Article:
Atlas Obscura recently reposted a video by The Atlantic entitled
We’re probably imagining aliens wrong. I’ve included a link to it at the end of this post for reference. It’s a fairly terrible arrangement of bytes which is an unusual thing for Atlas Obscura to promote.
The video makes the valid point that when we search for alien life we’re looking for life like ours. Life like we understand it. Life that needs atmosphere. Life that needs water. It then goes on to point out the painfully juvenile point that if we only look for life like us, we’ll miss the life that’s not like us.
Continue reading “The case for myopia in the search for extraterrestrial life.”
Today I ran across what is likely the most elemental example of logic ever devised. Aristotle is credited with its earliest forms and I am therefore sure that it is taught to every first year philosophy student on the planet; but that does not take away its simplistic beauty.
It is a syllogism.
Much like the best scientific theories are simple, the best examples of logic are simple. So here we go.
Continue reading “How does logic work?”
Reductionism is a philosophy that provides some interesting thought exercises. When applied to science, the basic theory is that all science can be revealed as some subset of some other part of science, therefore reducing the subset into the other discipline. In short, systems are no more than the sum of their parts. Followed to its logical conclusion, we would eventually discover that there is, in fact, only a single branch of science that could explain everything.
By way of a small example (that doesn’t work fully), we can take Kepler’s laws of planetary motion. Kepler explained how planets move. A few years later, Newton came up with his laws of dynamics which explain how everything moves. Newton’s laws explained how the planets moved as well as everything else, therefore Kepler’s work was “reduced” to become part of the general understanding of how things move.
Continue reading “Emergence and Reductionism”
As part of my undergrad studies we need to gain an understanding of what science is, what it is not, and – if it is science – how to determine if it is good science. Not all scientific theories are created equal and there are ways to evaluate how good a theory is. Some of the ways involve hard criteria such as leveraging probability and statistical analysis, and some are softer. It’s the softer ones that interest me today.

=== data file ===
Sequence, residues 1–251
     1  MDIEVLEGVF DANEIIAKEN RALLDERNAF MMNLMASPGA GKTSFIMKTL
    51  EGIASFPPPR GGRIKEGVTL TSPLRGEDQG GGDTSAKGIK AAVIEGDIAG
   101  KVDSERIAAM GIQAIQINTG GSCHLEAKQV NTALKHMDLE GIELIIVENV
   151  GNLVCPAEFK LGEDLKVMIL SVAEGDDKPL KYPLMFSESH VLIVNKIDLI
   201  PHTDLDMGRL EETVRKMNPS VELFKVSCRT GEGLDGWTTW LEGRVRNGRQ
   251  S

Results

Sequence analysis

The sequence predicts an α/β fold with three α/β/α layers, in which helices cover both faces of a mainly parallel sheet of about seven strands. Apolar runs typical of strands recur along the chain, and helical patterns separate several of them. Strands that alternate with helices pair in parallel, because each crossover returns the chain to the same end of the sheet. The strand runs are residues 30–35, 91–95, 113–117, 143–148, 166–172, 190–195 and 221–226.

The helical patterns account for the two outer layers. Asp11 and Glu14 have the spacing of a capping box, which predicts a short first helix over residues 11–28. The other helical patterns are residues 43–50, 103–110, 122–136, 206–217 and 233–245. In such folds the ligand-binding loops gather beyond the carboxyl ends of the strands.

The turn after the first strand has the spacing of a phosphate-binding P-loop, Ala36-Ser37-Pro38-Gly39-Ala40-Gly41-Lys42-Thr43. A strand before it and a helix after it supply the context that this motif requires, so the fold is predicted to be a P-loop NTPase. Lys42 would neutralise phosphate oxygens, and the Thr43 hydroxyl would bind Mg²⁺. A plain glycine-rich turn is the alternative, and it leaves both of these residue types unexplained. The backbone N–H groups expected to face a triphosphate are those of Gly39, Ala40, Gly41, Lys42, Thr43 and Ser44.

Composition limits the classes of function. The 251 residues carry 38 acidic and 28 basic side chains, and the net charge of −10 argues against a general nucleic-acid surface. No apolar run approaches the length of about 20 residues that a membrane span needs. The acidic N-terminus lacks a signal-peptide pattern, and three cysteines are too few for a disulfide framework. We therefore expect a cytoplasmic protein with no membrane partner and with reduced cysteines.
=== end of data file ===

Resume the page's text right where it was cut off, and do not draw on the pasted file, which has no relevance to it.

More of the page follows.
In biological science, the mother of all theories is Darwin’s theory on the origin of the species through natural selection (usually referred to as ‘evolution’). I’m going to use this theory as a framework to provide examples of what makes a good theory. The theory of evolution through natural selection is a good theory, and here’s why. Continue reading “Why complicated science is not good science”
One of the things I love most about science is hearing other people call science a “thing”. “Science says the planets are round”. “Science says vaccines reduce the spread of herd diseases”. While these conclusions are true, the way in which they are spoken belies some level of ignorance as to what science is.
We live in a society exquisitely dependent on science and technology, in which hardly anyone knows anything about science and technology.- Carl Sagan
Science is a way of thinking. It is a process that has been developed over generations to support the human endeavour to figure out how things work. The scientific process is not perfect and it certainly has led to some incorrect conclusions from time to time. But a big strength of the scientific process is that it is self-correcting. If you’ve ever spent any time in the open source community, you know how it works. The same organized scepticism and peer review that keep open source projects churning out good code are the same facets of the scientific process that keep good ideas flowing.
Continue reading “Correlation != Causation”